How to Start a Family History Journal

It costs nothing. No special tools required. a notebook, whether it be electronic or old-school is all you need. A few minutes a day, a week whenever the mood strikes. There are no rules. Write in diary style or in the form a letter to your future descendants. Make it honest, write like no one will ever read it.

A family history journal can be your constant companion on your research journey. When your family is exhausted of listening to your genealogical adventures, turn to a family history journal to share your most personal thoughts about your discoveries. Don’t turn your journal into a research log, a place to rehash the facts and data but to look to how these events and information have effected you on a more deeper level.

What Ideas Can You Journal About?

While some may think a family history journal should contain only your impressions of your research, I believe it should be so much more. I don’t think you should write your impressions of your research exclusively outside of your present day challenges and situations. Include not only your thoughts on your research but on your own personal current family history. You’ll be surprised at how closely they collide.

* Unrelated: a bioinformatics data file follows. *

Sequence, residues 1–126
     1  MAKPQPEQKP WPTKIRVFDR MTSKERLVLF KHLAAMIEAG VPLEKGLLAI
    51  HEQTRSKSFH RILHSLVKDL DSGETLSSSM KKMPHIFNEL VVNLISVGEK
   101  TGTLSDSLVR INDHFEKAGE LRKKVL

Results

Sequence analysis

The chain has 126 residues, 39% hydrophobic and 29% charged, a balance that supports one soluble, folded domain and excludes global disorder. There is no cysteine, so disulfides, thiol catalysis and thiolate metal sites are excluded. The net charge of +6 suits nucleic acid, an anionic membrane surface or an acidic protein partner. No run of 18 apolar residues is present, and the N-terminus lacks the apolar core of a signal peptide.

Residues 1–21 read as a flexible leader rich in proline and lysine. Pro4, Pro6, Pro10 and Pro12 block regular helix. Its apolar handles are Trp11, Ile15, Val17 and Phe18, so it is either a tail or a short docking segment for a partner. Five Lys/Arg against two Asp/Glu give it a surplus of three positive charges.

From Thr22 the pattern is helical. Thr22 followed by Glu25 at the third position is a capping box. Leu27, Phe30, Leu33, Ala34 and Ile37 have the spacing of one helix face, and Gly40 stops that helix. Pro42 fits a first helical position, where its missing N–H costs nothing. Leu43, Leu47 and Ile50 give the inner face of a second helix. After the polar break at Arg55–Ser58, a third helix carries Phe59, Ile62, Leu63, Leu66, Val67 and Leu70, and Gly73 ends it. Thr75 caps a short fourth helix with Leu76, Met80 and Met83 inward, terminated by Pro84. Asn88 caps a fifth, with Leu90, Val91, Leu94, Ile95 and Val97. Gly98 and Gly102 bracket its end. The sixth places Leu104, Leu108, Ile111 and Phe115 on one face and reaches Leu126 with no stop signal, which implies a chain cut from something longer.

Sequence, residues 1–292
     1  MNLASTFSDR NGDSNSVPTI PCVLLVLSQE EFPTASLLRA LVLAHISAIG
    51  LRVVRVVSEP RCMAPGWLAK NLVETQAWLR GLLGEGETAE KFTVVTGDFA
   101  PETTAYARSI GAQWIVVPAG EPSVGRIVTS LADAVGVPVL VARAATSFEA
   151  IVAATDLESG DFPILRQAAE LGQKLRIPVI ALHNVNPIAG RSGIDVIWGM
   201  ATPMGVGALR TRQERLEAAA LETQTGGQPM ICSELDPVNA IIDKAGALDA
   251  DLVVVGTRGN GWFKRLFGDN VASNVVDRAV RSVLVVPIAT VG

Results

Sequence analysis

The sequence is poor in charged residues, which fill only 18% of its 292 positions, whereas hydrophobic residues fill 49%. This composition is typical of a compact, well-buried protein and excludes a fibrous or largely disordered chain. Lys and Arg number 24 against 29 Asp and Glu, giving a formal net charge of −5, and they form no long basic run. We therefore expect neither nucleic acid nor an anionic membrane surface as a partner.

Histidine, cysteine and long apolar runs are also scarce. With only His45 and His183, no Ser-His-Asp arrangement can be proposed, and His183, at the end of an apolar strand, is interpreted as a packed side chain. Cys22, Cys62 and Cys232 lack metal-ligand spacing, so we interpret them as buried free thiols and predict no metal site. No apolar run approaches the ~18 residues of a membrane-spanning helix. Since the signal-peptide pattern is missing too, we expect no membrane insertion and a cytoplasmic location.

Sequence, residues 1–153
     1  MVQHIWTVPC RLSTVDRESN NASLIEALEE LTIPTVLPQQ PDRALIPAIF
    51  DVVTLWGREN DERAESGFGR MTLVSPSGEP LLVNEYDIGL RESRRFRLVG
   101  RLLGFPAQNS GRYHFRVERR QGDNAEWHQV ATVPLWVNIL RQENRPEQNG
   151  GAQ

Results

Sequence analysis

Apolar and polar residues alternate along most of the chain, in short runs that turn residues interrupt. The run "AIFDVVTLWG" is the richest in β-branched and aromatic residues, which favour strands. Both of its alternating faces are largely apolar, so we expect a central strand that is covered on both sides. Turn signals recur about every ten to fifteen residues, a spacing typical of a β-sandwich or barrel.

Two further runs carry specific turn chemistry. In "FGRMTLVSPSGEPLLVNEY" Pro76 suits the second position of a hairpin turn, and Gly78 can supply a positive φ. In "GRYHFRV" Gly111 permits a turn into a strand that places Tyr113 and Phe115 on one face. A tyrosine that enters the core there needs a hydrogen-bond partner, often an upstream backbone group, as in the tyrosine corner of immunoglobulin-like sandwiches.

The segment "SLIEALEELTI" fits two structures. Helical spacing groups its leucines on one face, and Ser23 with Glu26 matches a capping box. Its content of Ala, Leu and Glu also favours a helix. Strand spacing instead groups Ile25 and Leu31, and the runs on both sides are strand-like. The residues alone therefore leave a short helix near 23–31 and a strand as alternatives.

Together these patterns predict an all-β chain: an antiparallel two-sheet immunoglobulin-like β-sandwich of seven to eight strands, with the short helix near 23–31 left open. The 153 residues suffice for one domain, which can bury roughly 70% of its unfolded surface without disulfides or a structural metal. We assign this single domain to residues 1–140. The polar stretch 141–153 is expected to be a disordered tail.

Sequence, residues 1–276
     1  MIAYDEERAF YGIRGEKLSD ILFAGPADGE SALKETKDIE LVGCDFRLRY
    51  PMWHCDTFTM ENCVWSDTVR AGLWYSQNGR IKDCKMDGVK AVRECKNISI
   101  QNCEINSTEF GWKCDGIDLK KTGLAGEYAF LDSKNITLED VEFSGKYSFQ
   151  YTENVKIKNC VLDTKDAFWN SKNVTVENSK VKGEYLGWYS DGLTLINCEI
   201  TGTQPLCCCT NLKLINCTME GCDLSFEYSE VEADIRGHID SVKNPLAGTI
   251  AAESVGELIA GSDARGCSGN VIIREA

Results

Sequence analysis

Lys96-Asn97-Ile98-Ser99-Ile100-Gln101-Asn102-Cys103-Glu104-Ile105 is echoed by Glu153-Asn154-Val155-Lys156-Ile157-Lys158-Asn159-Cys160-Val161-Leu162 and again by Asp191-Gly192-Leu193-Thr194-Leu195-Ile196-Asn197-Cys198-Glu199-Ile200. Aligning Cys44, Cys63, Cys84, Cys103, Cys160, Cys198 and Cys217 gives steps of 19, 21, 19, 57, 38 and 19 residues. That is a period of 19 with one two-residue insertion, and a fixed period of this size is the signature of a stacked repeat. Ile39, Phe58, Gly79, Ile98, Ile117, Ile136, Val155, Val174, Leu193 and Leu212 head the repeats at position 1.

Writing Ideas

1. Your family history research – your discoveries, struggles, triumphs,reflections on your ancestor’s stories. What ancestor’s make you proud, what ancestors make you angry?

2. Family history traits and traditions– write about a family tradition that still exists today or you wish you would like to revive. Learn about a family trait that you recognize in yourself or someone else –write down the details.

3. An event from your own life past or present – what do you want your descendants to know about an event or time in your life, how does it relate to the events of your ancestor’s lives.

4. Reflect on a relationship with another family member past or present.- what new light can you shed on this relationship now that you know your family history.

5. Life’s daily events. When a loved one passes write, when a characteristic in your daughter reminds you of your grandmother write, when the smell of a dish cooking in the oven takes you back to your childhood write.

5. Share a family secret you can’t write about publicly.

6. Current world events – express your thoughts on current world events how they are affecting your family today differently or the same as to the world events in your ancestor’s time.

7. Interviewing family members –record your impressions before, during and after the interviews.

A family history journal is personal, you can write it with the intention of never sharing it, with the intention of using the contents to further your family history writing or as a legacy to your descendants to have a better understanding of your own attitudes and actions. Regardless of your intended purpose, a family history journal can be a very powerful tool in your family history journey.